The asphalt/bitumen tanker was hijacked by pirates on its way to South Africa from Kenya, southeast of Dar-es-Salaam in Tanzania on September 28, 2010. While eight of their colleagues were released along with the vessel in April last year following the intervention of the Mumbai-based shipping company, the seven sailors were held back as hostages.
The Kerala government says that there had been no demand earlier for ransom by the Somali pirates. But now they are demanding five million dollars and the release of the Somali pirates held captive in India in lieu of freeing the sailors. KC Joseph, Minister for Non-Resident Kerala Affairs Department (NORKA), told NDTV that the proposed exchange of Somali pirates in return for the captive Indian sailors was an option, a decision that would have to considered by the Government of India."The ransom money was not an issue but what is the guarantee that if the money is paid, the hostages would be freed," Mr Joseph said.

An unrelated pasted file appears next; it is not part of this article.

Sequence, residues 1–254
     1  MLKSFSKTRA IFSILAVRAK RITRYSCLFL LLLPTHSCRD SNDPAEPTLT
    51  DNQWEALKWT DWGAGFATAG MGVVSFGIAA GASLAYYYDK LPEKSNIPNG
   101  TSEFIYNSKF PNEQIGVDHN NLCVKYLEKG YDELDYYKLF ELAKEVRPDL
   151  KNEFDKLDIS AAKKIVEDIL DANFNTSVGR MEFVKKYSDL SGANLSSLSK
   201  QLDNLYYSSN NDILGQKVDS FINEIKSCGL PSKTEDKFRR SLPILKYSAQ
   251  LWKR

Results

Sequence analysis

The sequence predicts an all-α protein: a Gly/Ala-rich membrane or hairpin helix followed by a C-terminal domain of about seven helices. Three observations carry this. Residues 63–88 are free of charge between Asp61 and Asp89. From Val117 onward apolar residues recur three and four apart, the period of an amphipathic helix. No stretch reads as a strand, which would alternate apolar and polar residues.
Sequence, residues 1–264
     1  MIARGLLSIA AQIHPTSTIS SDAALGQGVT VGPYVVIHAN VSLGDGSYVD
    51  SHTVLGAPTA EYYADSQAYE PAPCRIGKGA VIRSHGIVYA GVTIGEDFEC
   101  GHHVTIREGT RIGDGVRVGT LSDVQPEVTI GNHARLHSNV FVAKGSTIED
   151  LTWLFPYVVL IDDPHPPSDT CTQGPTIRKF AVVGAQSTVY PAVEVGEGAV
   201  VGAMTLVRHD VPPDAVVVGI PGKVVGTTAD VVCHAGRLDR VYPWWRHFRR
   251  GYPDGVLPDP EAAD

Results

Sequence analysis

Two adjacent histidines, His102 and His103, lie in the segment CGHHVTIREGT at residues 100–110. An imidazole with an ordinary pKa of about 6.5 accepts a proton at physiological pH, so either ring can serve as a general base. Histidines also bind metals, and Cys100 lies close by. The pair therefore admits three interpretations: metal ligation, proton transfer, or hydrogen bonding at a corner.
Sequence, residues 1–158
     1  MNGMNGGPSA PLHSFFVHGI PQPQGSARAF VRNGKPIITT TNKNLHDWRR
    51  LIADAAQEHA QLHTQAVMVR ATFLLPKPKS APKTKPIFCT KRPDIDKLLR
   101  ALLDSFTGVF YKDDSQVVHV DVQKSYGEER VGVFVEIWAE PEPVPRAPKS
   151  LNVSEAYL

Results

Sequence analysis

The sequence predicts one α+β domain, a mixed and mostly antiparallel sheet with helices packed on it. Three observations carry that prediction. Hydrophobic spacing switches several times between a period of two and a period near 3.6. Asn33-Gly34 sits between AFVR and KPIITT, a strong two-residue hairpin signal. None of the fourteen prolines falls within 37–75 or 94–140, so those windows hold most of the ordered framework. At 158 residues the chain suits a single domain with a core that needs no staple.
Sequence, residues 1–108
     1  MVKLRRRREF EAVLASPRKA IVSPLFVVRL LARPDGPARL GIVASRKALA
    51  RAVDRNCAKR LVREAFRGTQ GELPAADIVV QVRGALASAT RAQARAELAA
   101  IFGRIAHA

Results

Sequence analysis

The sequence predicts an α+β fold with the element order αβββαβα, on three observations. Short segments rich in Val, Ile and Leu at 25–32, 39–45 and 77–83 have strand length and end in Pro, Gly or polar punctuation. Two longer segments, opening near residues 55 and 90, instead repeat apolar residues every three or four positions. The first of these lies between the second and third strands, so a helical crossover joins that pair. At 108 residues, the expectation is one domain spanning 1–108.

The Chief Executive Officer of OMCI, Taronish Khajotia, who was part of the meeting told NDTV that he was holding talks with the Kerala government on behalf of the family members of the hostages. On being asked about accusations that the shipping company had abandoning the sailors, Mr Khajotia said it was a complicated issue as the company had gone bankrupt. Interestingly, this is the first time that the shipping company has approached Kerala government over securing the release of the sailors.
Meanwhile, the sailors' families - three of who are from Kerala - have been running from pillar to post in the last two years, hoping for the release of their loved ones. The seven hostages had appealed to the Prime Minister, President and the Leader of the Opposition for help through a video uploaded on YouTube.